While Lebanon is no stranger to explosions, since the country’s 15-year civil war ended in 1990 they have largely taken the form of targeted assassinations, with the civilian lives lost as tragic collateral. But since Hezbollah has begun sending fighters to Syria to help President Bashar al-Assad battle a largely Sunni opposition, the civil war there has taken an increasingly sectarian turn and reprisal attacks on the Shiite movement in Lebanon have multiplied.
Analysts cited Thursday’s bombing as evidence that Iraq-style sectarian bombings have now reached Lebanon as Sunni-Shiite divisions widen.
“This is no longer targeted assassinations of political and militant figures with clear political ends. It’s actually targeting the civilian population,” said Imad Salamey, an associate professor of political science at Lebanese American University. “We are seeing the Iraqization of Lebanon, a spillover from Iraq to Syria to Lebanon. This is massive, a potentially dark era, and God knows how it can be limited.”
In a televised speech from a secret location Friday, Hezbollah leader Hasan Nasrallah showed no sign of retreating from his decision to send fighters to Syria, a demand of the Syrian rebel groups that have threatened his movement.
“If you believe that by killing our women, and killing our children, and killing our innocent, and destroying our areas we might back up from our vision and our stand, you’re delusional,” he said, adding that preliminary investigations by Lebanese authorities had found “takfiri” Muslim groups responsible, a term for Sunni extremists.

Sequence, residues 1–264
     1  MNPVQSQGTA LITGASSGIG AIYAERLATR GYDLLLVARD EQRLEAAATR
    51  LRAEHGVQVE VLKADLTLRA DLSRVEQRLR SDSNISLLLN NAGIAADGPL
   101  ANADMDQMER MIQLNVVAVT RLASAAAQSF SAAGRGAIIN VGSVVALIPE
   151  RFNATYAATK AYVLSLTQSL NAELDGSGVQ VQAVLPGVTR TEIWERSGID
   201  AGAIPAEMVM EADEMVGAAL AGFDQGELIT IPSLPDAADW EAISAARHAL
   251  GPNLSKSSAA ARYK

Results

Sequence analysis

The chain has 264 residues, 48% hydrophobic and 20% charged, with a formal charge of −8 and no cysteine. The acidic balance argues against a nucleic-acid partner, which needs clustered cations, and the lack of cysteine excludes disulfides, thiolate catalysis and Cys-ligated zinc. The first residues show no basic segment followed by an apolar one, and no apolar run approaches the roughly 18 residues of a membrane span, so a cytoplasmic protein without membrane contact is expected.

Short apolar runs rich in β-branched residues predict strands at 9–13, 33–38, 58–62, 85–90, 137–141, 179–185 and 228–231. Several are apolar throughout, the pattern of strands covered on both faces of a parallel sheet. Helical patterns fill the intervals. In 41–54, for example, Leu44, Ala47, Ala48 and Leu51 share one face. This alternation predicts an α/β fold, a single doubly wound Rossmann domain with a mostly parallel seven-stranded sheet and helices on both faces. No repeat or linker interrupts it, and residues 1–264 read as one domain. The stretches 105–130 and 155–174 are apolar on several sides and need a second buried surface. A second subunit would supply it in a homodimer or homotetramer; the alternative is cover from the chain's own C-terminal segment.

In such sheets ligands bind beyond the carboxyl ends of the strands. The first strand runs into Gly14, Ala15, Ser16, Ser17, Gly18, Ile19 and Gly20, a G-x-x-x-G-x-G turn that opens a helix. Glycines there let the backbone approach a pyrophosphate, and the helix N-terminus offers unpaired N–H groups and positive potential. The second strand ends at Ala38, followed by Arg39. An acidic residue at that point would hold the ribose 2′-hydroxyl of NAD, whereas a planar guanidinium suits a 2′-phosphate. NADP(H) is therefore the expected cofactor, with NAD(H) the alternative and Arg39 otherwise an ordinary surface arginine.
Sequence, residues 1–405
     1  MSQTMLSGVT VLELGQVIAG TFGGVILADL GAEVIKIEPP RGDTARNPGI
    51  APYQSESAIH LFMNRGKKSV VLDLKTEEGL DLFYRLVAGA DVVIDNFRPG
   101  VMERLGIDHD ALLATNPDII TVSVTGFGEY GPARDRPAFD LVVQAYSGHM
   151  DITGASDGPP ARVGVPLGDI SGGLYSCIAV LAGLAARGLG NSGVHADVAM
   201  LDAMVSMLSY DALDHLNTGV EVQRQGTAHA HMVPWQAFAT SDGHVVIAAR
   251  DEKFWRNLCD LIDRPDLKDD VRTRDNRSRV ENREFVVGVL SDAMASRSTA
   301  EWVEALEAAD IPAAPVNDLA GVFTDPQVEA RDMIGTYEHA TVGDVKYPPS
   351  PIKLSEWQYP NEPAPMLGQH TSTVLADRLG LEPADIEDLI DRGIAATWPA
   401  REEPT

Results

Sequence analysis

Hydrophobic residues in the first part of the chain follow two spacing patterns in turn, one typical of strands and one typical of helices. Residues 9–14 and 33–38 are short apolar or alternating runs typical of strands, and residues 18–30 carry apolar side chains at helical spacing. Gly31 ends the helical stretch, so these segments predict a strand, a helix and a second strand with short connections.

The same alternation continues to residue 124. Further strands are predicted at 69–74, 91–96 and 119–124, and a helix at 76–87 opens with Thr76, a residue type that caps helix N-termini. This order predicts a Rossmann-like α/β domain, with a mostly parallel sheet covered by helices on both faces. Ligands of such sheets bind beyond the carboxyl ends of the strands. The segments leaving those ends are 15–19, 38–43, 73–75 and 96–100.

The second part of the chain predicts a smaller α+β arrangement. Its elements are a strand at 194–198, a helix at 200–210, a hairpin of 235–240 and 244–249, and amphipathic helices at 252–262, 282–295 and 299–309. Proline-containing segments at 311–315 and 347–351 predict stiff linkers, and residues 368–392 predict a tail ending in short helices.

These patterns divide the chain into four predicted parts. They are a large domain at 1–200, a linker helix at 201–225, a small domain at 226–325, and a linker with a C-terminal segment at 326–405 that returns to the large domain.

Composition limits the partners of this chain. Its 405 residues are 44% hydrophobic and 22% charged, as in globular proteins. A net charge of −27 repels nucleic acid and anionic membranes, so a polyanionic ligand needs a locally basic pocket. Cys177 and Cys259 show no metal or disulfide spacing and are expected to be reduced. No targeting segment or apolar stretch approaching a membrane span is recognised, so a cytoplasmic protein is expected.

Nasrallah said that if it is confirmed that the bombing was a retaliation for Hezbollah’s role in Syria, he is prepared to double the number of fighters there. “If the battle with these takfiri terrorist people requires me and all of Hezbollah to go to Syria, we will all go to Syria,” he said. “If we have 100 fighters in Syria they will become 200, If we have 1,000 they will become 2,000, and if we have 5,000 they will become 10,000.”
Near the blast site in the neighborhood of Ruwais on Friday, investigators gathered evidence from the tangled wreckage and the number of fatalities climbed to 21 as more corpses were pulled out, according to the National News Agency. The toll made it the deadliest bombing in Lebanon since former Prime Minister Rafiq al-Hariri’s assassination in 2005. A Hezbollah lawmaker told local media that 24 people had been killed, which would make it the most lethal since Lebanon’s civil war.
A policeman at the scene who spoke on the condition of anonymity because he is not authorized to speak to the media said that an initial investigation had found that two people were in the vehicle when it stopped in the middle of the street. The driver fled and the passenger was killed in the explosion, he said.
In a video posted online after the first blast last month, which wounded more than 50 people, the group that claimed responsibility, the Battalions of Aisha Um al-Mumineen, said the goal was to let Hezbollah “taste what the children and women of Syria tasted from your betrayal.”
The group’s name, referencing a wife of the prophet Muhammad who is revered by Sunnis but is a controversial figure among Shiites, has sectarian undertones. In a second video posted online Thursday, the group threatened further attacks, but residents of the southern suburbs appeared undeterred.
Gunfire rattled through the streets as the first funeral of a victim of Thursday’s attack took place. Hamad Mokdad, 47, also known as Abu Mahdi and a member of a powerful Shiite clan, was helping rescue the wounded and trapped when he was electrocuted by a downed cable, family members said. “Abu Mahdi — congratulations for your martyrdom,” read a banner across the street bearing his photograph and images of burning cars behind him.
“Martyrdom is something sacred for us, and this will not stop,” said his brother, Hussain Mokdad. ”Not if it’s 27 martyrs. Not if it’s 27,000.”
Ahmed Ramadan contributed to this report.